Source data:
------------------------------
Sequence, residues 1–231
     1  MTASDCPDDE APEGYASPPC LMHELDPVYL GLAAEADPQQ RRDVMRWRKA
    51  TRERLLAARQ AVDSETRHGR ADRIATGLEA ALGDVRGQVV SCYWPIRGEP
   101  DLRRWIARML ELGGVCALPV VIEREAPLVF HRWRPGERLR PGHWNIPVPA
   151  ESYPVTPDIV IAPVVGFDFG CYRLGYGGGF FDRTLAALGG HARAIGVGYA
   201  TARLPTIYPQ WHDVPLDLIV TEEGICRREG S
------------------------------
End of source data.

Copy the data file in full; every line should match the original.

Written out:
Sequence, residues 1–231
     1  MTASDCPDDE APEGYASPPC LMHELDPVYL GLAAEADPQQ RRDVMRWRKA
    51  TRERLLAARQ AVDSETRHGR ADRIATGLEA ALGDVRGQVV SCYWPIRGEP
   101  DLRRWIARML ELGGVCALPV VIEREAPLVF HRWRPGERLR PGHWNIPVPA
   151  ESYPVTPDIV IAPVVGFDFG CYRLGYGGGF FDRTLAALGG HARAIGVGYA
   201  TARLPTIYPQ WHDVPLDLIV TEEGICRREG S